FIG. 38 is a perspective view showing end walls 52 formed from tubes 53 having a rectangular cross-section. The tubes 53 can be formed from four foam pieces joined by adhesives. The some of the internal surfaces of the tubes 53 may be coated with GFRC where added strength is needed. The tubes 53 are adhered to adjacent tubes by adhesives. The end walls fill in the spaces in slices 44 as shown in FIG. 39.

FIG. 40 shows a perspective view of the assembled building 2 with the windows 55 and door 56 cut out.

FIG. 41 shows a perspective view of the assembled building 2 with the exterior coated with GFRC coating 7. The interior surfaces are also coated with GFRC. The inner and outer GFRC coatings 7 form inner and outer shells on the foam composite building 2. The strength of the building is greatly increased by adding GFRC coatings to the inner surfaces of the slice 44. The inner coatings can be as little as 1/16 inches.

FIG. 42 shows the building of FIG. 41 with some portions removed to show the insides of the building with interior GFRC coatings 7. The internal stairs and doorways have been omitted for simplicity.

FIG. 43 shows a top and bottom duplex building 2 with the top floor duplex being accessed by use of stairs 57.

FIG. 44 shows an eight-unit building with the outer upper unit stairs omitted. There are four units front to back in this design. The roof 62 is formed by shaping the foam to mimic traditional roofing such as Spanish roofing tiles here.

There can be as many floors as desired built using the I or C-Beam technology of this invention.

FIGS. 45 and 46 show a full I-Beam slice 64 with a shaped roof 62. The I-Beam 10 has flanges 8 and web 9.

FIGS. 47, 47A show a modified dowel 25′. Dowel 25′ has a bottom portion A that is not tapered and a top portion B that has a taper, such as a 2% taper. The dowel can be three feet long. FIG. 47A shows the dowels 25′ in place.

FIG. 48 shows a cross-sectional view of a slice wall positioned on a footing in more detail. The four inches of SCM or foam 5 is usually four inches of EPS.

FIG. 49 shows a perspective view of another embodiment of the C-Beam 50 showing a full slice 44. In this embodiment, the web 49 is made larger and has portions that are omitted. The top angled portions of the web 49 form the rafters, the center portion forms the post and the bottom portion forms the ceiling joist of a roof. The top flange 48 of the beam can form the roof sheathing or a portion of the roof. The bottom flange 48 of the beam can form the ceiling or a portion of the ceiling. The C-beam could be an I-beam (FIG. 5) or other beam cross-sectional configuration. The web and/or the flange can be coated a fiber reinforced coating before installation to provide strength to the beams. This configuration is very strong once it is joined to other slices.

The top flange 48 can be shaped to mimic traditional roofing, such as Spanish roofing tiles, by shaping the foam in that pattern as shown in FIGS. 44-46. A fiber reinforced coating can be provided to form the exterior portion of a roof. Alternatively, roofing shingles or tiles can be added to form a conventional roof. Alternatively, additional sheathing can be added, and the shingles and tiles added to the sheathing.

FIG. 50 shows an exploded perspective view of the foam pieces making up the C-Beam full slice 44.

FIG. 51 shows a perspective view of the assembled C-Beam full slice 44 of FIG. 49 horizontally positioned.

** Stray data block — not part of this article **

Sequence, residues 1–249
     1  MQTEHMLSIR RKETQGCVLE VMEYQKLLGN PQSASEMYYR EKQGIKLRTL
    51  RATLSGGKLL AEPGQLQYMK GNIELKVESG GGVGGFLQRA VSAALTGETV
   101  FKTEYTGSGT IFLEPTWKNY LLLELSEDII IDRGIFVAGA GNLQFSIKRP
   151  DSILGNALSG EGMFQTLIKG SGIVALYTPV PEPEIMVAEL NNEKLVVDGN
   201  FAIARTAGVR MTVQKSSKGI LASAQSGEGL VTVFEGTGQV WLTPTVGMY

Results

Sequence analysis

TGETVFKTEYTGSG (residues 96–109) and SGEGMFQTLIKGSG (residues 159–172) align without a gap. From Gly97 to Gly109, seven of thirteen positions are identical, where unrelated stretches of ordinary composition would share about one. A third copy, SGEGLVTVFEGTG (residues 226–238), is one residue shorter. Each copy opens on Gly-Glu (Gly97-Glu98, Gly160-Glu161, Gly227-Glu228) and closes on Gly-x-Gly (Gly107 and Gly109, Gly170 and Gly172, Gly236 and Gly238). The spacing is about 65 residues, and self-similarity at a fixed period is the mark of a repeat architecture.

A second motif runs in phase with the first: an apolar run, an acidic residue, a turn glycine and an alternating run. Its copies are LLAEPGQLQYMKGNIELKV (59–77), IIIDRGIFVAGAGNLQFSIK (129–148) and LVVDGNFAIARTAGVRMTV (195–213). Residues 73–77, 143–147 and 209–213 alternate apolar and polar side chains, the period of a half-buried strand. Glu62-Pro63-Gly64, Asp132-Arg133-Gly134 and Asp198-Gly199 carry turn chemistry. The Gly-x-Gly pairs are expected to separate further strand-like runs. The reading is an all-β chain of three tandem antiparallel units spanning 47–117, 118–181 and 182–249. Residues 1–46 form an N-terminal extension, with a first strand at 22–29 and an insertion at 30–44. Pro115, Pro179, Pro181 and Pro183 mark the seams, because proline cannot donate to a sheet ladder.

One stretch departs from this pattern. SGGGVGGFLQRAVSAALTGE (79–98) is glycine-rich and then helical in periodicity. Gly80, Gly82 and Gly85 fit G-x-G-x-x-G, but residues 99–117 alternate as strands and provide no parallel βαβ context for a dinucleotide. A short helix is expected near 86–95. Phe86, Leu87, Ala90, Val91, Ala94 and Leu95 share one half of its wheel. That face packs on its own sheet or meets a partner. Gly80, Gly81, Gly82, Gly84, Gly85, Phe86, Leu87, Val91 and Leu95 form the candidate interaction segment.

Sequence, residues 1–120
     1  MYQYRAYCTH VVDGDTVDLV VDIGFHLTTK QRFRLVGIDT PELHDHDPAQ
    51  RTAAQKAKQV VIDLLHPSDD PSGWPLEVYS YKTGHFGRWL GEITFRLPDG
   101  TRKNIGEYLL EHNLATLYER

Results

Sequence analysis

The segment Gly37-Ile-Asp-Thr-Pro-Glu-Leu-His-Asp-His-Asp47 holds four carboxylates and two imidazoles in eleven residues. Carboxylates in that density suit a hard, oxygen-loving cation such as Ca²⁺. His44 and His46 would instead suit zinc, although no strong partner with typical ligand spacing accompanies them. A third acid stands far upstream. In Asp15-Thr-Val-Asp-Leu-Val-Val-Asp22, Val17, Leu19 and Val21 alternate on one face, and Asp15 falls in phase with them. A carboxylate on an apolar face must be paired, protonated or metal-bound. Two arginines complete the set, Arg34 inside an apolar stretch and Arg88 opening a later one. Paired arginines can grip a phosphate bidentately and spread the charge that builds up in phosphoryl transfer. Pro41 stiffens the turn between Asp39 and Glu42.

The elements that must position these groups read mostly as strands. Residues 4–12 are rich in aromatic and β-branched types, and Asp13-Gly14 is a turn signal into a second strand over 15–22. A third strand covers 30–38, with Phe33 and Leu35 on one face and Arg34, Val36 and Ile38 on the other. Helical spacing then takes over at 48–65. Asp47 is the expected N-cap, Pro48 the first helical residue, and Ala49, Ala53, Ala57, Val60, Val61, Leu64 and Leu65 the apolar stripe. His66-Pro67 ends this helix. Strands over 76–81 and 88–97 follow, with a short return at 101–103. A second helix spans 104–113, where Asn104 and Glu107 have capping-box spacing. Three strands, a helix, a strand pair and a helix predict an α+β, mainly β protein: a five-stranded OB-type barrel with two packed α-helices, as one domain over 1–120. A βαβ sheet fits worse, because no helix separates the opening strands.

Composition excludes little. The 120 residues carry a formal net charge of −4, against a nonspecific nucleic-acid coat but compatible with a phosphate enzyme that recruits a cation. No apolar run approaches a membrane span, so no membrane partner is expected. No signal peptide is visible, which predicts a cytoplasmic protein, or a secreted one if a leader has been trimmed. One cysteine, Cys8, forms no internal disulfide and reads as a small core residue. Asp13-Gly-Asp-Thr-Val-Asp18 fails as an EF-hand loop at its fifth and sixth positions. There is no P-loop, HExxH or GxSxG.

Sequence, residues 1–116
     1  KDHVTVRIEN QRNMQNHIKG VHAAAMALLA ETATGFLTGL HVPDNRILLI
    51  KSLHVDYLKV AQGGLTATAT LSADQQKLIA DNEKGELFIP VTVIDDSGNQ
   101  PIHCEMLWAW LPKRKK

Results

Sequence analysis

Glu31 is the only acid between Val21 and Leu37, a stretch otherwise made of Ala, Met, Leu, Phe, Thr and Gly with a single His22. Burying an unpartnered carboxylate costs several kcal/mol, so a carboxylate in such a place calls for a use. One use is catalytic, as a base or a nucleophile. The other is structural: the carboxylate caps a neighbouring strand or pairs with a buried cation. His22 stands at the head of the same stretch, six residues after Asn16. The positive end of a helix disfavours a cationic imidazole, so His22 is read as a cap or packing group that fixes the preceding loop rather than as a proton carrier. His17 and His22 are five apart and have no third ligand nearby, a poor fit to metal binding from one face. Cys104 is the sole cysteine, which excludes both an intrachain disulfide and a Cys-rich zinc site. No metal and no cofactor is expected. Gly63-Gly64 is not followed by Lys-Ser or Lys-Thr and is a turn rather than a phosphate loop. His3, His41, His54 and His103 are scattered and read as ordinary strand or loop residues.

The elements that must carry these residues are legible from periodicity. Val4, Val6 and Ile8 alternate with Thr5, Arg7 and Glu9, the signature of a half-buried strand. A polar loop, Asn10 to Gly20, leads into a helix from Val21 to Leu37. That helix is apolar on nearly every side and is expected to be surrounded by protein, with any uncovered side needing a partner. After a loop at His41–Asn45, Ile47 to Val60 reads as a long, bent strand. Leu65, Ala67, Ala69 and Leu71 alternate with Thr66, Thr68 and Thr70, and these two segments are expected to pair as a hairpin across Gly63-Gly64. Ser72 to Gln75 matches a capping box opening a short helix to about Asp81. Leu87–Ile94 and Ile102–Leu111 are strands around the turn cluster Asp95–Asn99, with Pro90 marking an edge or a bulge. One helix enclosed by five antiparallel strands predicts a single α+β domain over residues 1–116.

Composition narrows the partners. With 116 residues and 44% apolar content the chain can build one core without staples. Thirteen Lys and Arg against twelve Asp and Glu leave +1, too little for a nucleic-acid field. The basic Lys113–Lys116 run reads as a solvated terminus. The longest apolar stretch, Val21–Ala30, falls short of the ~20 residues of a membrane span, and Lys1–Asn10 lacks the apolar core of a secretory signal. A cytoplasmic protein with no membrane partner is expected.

Because the building is solely built from a composite material, foam coated on both sides with reinforced concrete (GFRC), it is possible to analyze the structure accurately. Because of the accuracy of the analysis of the inventive building, it is possible to reduce the amount of material needed to meet the predicted loading of the building. Further, because this building is constructed of inner and outer shells with foam therebetween, it is a very strong structure for its mass. Conversely, stick built buildings have a vast array of elements which make them very difficult to impossible to analyze. Therefore, to meet their loading requirements they have to be over designed. Further, their angles create high stresses at their joints during loading.

The composite building material formed from GFRC coated foam has many advantages. The plastic foam has a very high heat insulation value. The foam thickness can be increased easily to increase the thermal insulation value of the composite. The GFRC coating is highly resistant to vapor and moisture penetration as also is the EPS foam core. The strength of the composite is greatly increased by the foam core since the strength is a function of the thickness of the foam core. The foam core acts as a moment arm between the coatings on its opposite sides. Thus, increasing the thickness of the foam increases the insulation value and the strength of the composite. The composite building material can be used to create flat walls since the composite exhibits enough strength to be used in that design. The composite material can be used to create a building without curved ceilings.

Various changes and modifications to the embodiments herein chosen for purposes of illustration will readily occur to those skilled in the art. To the extent that such modifications and variations do not depart from the spirit of the invention, they are intended to be included within the scope thereof which is assessed only by a fair interpretation of the following claims.

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US873303327 Jun 200827 May 2014Millport Associates, SASandwich panel ground anchor and ground preparation for sandwich panel structures
US20090307995 *13 Jun 200817 Dec 2009Innovida Factories, Ltd.Roof construction joints made of sandwich panels
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Classifications
U.S. Classification52/745.19, 52/79.9, 52/90.1, 52/309.1, 52/79.1, 52/309.14
International ClassificationE04B1/14
Cooperative ClassificationE04B1/161, E04B1/18, E04B2/847
European ClassificationE04B1/16A, E04B1/18
Legal Events
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4 Apr 2014REMIMaintenance fee reminder mailed